June is the month dedicated to the Sacred Heart of Jesus. Pope Leo XIII, in Annum Sacrum (On Consecration to the Sacred Heart), describes that Heart as “a symbol and a sensible image of the infinite love of Jesus Christ which moves us to love one another.” In his June 9, 2019 Angelus address, Pope Francis spoke of the Sacred Heart as such: “Popular piety highly prizes symbols, and the Heart of Jesus is the ultimate symbol of God’s mercy – but it is not an imaginary symbol, it is a real symbol, which represents the center, the source from which salvation for all humanity gushed forth. We often think of the symbol of the heart as sentimental, flowery, and emotional; however, the reality of Jesus’ Sacred Heart is that it suffered much in the Passion because of the pain and humiliation he endured and because of the ingratitude and contempt with which humanity, even Christians, often treat him. In the symbol of the Sacred Heart, we are reminded that love is an act of the will, a decision; not a feeling or an emotion.
Feast of the Sacred Heart
Devotion to the Sacred Heart originated in the 11th century with private devotions to the wounds of Christ. In 1670, St. John Eudes, a French priest, celebrated the first Feast of the Sacred Heart. In the same time period, St. Margaret Mary Alacoque, a French Visitation nun, began having visions of Christ and experiences revelations that he wished his Sacred Heart to be honored. In the revelations, Jesus confirmed that he desired that the feast of the Sacred Heart be established. “Behold this Heart which has so loved men that It spared nothing, even going so far as to exhaust and consume Itself, to prove to them Its love. And in return I receive from the greater part of men nothing but ingratitude, by the contempt, irreverence, sacrileges and coldness with which they treat Me in this Sacrament of Love. But what is still more painful to Me is that even souls consecrated to Me are acting in this way. After speaking these words, Jesus expressed his desire that the first Friday after the octave of Corpus Christi be dedicated to a feast of his Sacred Heart, asking that an Act of Reparation be made on that day and that Holy Communion be received to atone for sin. He promised to open his Sacred Heart and pour out his Divine Love on all who would practice this devotion. On On May 8, 1873, Pope Pius IX approved the devotion to the Sacred Heart and it spread throughout the world.
Atonement to the Heart of Christ
Jesus requested that St. Margaret Mary perform specific acts of atonement to appease his Sacred Heart for the offenses committed against him by sinners. To console his Heart from the anguish he felt when his disciples could not stay with him one hour in the Garden of Gethesemane, he asked her to commit to an hour of prayer on her knees each Thursday night. He assured her that by undertaking these sacrifices and penances, she would bring him relief and consolation from the bitterness his Heart felt from the rejection and ingratitude of sinners.
What is Atonement?
Theologian Ludwig Ott defines it as “the satisfaction of a demand. In the narrower sense it is taken to mean the reparation of an insult. This occurs through a voluntary performance which outweighs the injustice done.” (Fundamentals of Catholic Dogma, 186-187). The ultimate atonement was the Passion and death of Jesus on the Cross, which redeems mankind from sin. Christ died to take away our sins and save us from eternal damnation. However, we can offer prayer, penance, fasting and other actions to atone for our sins and the sins of others. Many of the saints have undertaken and encouraged acts of reparation to Jesus, and private revelations have historically included messages calling the faithful to prayer and penance. “Penance then is, as it were, a salutary weapon placed in the hands of the valiant soldiers of Christ, who wish to fight for the defense and restoration of the moral order in the universe. It is a weapon that strikes right at the root of all evil, that is at the lust of material wealth and the wanton pleasures of life. By means of voluntary sacrifices, by means of practical and even painful acts of self-denial, by means of various works of penance, the noble-hearted Christian subdues the base passions that tend to make him violate the moral order.” (Pope Pius XI, Caritate Christi Compulsi (On the Sacred Heart)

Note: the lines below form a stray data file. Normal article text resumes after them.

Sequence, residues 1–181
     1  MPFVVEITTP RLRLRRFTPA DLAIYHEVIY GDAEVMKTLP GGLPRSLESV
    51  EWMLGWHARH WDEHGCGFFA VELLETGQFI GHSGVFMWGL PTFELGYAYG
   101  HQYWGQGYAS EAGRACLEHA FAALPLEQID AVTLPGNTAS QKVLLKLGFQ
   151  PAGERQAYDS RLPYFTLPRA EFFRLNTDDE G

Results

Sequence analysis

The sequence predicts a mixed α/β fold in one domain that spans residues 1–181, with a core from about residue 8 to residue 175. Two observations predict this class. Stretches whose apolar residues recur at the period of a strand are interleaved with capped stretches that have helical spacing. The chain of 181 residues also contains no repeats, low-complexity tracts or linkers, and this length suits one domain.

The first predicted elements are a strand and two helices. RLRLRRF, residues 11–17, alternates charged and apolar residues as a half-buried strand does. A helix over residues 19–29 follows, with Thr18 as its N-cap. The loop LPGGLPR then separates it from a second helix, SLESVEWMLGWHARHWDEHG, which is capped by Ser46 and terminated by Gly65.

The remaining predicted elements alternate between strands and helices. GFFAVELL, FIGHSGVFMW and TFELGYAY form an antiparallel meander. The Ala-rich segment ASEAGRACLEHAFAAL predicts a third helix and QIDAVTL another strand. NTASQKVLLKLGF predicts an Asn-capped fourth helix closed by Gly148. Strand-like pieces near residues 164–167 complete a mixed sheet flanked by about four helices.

Repairing the Damage
Think of the old example of a child hitting a baseball through a neighbor’s window. The parents then require their child to make up for the damage done by paying for the window to be replaced or by working off the debt. Similarly, we can do penance and atone for our sins through prayer, fasting, and other works. “Absolution takes away sin, but it does not remedy all the disorders sin has caused. Raised up from sin, the sinner must still recover his full spiritual health by doing something more to make amends for the sin: he must “make satisfaction for” or “expiate” his sins. This satisfaction is also called “penance.” (CCC #1459) We perform the penance given to us by the confessor, but we can do more to satisfy the debt. We should always remember that “the satisfaction that we make for our sins, however, is not so much ours as though it were not done through Jesus Christ. We who can do nothing ourselves, as if just by ourselves, can do all things with the cooperation of “him who strengthens” us.” (CCC #1460) The month of June is an ideal time to reacquaint ourselves with the devotion to the Sacred Heart and to unite our hearts with his, who loves us and desires our love in return. Through unity with this Heart, we can atone for our faults and sins and grow in holiness.
Sacred Heart of Jesus, have mercy on us.
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